“Mobile voting is a horrific idea. It’s internet voting on people’s secured devices, over our horrible networks, to servers that are very difficult to secure without a physical paper record of the vote.”
Marian K Schneider, the president of Verified Voting Group also agreed. She mentioned that a smartphone app designed for voting was not a good idea and that it goes beyond Voatz’s existing technology.
Security concerns surrounding voting are serious issues, especially since Russian hackers attempted to hack the voting system in 21 states in the 2016 elections and will try to interfere with the upcoming November elections and the 2020 presidential election.
The New York Times reported that senior Trump administration officials and Christopher A. Wray, the FBI Director see “this as a threat we need to take extremely seriously and to tackle and respond to with fierce determination and focus.”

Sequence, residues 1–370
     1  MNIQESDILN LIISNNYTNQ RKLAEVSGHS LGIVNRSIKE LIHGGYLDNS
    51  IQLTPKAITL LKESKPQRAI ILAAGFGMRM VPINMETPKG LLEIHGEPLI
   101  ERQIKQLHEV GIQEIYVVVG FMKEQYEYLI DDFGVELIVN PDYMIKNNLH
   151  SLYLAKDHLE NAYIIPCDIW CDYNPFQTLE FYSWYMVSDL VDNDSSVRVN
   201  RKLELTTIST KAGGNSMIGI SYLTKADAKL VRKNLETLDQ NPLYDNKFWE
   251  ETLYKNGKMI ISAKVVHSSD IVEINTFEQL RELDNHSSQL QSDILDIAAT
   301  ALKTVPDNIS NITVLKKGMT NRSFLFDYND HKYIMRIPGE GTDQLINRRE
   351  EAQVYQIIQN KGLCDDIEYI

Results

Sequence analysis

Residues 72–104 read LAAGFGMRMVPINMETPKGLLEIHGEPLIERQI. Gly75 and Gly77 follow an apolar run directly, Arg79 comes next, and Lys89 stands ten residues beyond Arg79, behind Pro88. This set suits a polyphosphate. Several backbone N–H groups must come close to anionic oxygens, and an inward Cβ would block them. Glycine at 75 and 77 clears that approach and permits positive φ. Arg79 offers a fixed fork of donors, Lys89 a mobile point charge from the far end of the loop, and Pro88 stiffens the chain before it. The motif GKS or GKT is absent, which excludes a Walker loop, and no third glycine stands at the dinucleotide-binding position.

Unfortunately, Schneider commented that would she not confirm whether the Voatz app is secure and that there are many more opportunities for the system to be hacked and meddled. She noted that “undetectable changes that could occur in transit,” which is a significant concern, especially if the possibility of interference is high.
Voatz, however, responded to these comments. “Most of the comments in the threat are incorrect or misrepresentations,” said a spokesperson to Vanity Fair. The spokesperson also stated that the criticism is “false propaganda” and that the Voatz website is “tested daily. The author of the post used some old images from a two-plus-year-old test site to spread false rumors claiming that our site is poor on security.”